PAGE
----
One of the speakers, Tony Cosentino, VP at Ventana Research, shared the Big Data Analytics trends as follows:

  • Moving from 20th century designed data to 21st century organic data; from confirmatory analytics to exploratory analytics
  • Moving from sample type of analytics to sensors type. Analytics and data are coming together into one environment instead of being separate.
  • Moving the conversation from data to outcome or business orientation

I was particularly interested in Tony’s speech so I did some research about these trends as follows:

  • Designed data vs. organic data:

This Census Bureau’s blog explains that the Census Bureau has created “designed data” based on pre-specified purpose. In contrast, data collected  through internets, sensors and other systems are organic data. The blogger believed “The combination of designed data with organic data is the ticket to the future”.

  • Sample data vs. sensor data:

Sample analytics is used widely in the conventional market research. The research population is generally too big to be covered in a survey; therefore, researchers usually choose a portion of the population (i.e. sample) to do a survey. The sample size and selection are carefully determined in order to capture the representation of the whole population.

A sensor is a device that measures a physical quantity / activity and transforms it into a digital signal. Sensors are always on, capturing data at real time and powering the “Internet of Things.” Sensors can collect enormous data and Cloud computing and storage help to make the analytics possible.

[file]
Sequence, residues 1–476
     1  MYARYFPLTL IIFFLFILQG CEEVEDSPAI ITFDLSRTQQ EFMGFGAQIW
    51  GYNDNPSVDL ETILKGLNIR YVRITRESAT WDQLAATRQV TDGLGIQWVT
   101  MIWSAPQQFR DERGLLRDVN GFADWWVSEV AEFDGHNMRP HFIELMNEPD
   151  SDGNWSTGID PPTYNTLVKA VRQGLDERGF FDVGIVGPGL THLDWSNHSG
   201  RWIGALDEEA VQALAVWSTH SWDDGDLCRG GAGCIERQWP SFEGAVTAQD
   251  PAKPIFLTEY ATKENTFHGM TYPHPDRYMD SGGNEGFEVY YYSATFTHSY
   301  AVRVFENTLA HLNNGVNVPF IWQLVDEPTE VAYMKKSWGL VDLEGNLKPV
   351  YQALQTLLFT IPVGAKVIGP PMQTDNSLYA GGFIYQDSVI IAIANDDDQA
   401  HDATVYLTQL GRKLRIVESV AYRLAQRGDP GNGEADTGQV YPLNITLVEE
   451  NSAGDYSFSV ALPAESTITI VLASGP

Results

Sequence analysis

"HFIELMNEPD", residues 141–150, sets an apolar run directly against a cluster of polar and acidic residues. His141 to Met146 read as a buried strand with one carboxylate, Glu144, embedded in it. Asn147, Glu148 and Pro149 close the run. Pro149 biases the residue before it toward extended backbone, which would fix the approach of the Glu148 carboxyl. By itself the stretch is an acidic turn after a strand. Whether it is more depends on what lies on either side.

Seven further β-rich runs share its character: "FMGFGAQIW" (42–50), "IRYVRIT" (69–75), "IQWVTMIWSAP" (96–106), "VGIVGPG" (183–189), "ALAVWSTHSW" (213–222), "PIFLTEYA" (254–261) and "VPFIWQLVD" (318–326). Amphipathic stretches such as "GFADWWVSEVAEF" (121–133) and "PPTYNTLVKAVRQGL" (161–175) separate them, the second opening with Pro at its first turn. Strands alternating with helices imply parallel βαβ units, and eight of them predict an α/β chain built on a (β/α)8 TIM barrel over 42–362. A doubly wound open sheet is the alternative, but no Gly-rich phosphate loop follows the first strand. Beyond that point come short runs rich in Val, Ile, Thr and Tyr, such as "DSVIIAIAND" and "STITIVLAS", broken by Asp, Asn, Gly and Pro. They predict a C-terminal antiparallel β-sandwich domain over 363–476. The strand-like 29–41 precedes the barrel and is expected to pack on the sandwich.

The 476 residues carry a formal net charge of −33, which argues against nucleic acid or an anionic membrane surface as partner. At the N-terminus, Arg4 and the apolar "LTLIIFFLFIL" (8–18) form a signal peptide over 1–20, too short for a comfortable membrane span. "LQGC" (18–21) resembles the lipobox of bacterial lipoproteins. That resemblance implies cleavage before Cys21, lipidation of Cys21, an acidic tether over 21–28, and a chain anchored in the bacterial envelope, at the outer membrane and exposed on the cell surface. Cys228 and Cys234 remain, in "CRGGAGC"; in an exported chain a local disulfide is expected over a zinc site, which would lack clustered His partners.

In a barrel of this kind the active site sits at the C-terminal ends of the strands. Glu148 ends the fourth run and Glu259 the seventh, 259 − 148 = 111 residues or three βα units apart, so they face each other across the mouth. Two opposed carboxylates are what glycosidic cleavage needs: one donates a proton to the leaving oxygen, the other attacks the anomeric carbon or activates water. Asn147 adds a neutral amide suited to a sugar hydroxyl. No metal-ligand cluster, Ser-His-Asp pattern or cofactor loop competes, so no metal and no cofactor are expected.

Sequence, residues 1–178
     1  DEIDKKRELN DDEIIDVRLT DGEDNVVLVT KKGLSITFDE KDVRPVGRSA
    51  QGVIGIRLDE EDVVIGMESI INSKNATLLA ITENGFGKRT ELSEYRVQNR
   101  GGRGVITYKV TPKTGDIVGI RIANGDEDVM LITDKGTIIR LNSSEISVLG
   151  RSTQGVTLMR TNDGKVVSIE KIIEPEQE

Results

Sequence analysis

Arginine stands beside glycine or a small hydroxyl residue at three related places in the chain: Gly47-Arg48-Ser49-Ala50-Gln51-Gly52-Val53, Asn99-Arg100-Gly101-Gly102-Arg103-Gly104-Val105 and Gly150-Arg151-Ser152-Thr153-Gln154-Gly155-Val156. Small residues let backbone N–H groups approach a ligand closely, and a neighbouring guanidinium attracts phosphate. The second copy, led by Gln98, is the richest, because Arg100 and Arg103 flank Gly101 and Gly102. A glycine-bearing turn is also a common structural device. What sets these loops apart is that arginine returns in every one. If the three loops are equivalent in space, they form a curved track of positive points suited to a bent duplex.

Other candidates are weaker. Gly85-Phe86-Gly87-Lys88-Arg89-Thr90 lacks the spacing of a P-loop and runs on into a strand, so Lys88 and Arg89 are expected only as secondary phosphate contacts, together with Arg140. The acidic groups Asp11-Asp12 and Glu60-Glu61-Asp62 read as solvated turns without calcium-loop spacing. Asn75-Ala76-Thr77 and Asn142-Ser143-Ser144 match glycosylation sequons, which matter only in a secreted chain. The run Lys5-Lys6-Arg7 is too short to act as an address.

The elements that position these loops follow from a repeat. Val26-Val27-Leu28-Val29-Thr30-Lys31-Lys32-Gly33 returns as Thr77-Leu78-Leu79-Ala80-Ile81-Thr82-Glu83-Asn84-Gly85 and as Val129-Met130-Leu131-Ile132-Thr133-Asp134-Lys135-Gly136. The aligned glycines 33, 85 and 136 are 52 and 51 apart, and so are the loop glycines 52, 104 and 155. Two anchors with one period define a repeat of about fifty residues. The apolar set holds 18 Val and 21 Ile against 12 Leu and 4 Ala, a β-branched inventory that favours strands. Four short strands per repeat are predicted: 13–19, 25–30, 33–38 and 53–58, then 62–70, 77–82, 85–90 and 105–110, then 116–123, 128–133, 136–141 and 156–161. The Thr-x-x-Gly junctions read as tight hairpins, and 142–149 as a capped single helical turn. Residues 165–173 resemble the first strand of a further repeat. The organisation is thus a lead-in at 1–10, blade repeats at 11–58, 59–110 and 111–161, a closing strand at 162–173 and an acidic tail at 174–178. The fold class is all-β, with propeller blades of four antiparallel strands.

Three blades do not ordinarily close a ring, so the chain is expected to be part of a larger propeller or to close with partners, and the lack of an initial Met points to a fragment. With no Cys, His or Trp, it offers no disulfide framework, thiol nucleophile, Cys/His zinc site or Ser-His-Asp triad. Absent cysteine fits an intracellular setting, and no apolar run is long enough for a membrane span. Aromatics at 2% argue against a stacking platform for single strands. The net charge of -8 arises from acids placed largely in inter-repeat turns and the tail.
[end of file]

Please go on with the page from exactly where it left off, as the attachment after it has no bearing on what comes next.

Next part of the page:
• Conversations on data vs business:

Data itself is not the focus of the conversation anymore. Nowadays, the business value provided by the big data is the focus.

I agree that the combination of organic data and design data will create valuable data. I believe we need to have a sampling mechanism with organic data since the volume is big. For example, NFC is one of the sensors. When the technology takes off, it will provide interesting data sets. How to translate the data into value added information for businesses take specific design.

This Hadoop blog suggests that “sensors can be used to collect data from many sources, such as:

  • To monitor machines or infrastructure such as ventilation equipment, bridges, energy meters or airplane engines. This data can be  used for predictive analytics, to repair or replace these items before  they fail.
  • To monitor natural phenomena such as meteorological patterns, underground pressure during oil extraction or patient vital statistics during recovery from a medical procedure.”

I think sensors go beyond these domains. For example: an NFC embedded wearable device can monitor body movements and vitals, such as heart rate and blood sugar. Digital health and fitness mentioned in a blog of Aaron Rose  is possible because of the sensors. The Fujitsu NFC smart glove shows a use case beyond digital health and there is unlimited space for monitoring these types of innovations.

These thoughts were triggered by a two hour Meetup. Can you imagine what thoughts will be triggered in two days? I am looking forward to attending the Big Data Innovation Summit held in Santa Clara on April 9 and 10th. With 80+ sessions, it will definitely broaden my vision and expand my imagination.

What are your thoughts on these trends?

Big Data Innovation Summit 2014

Big Data Innovation Summit 2014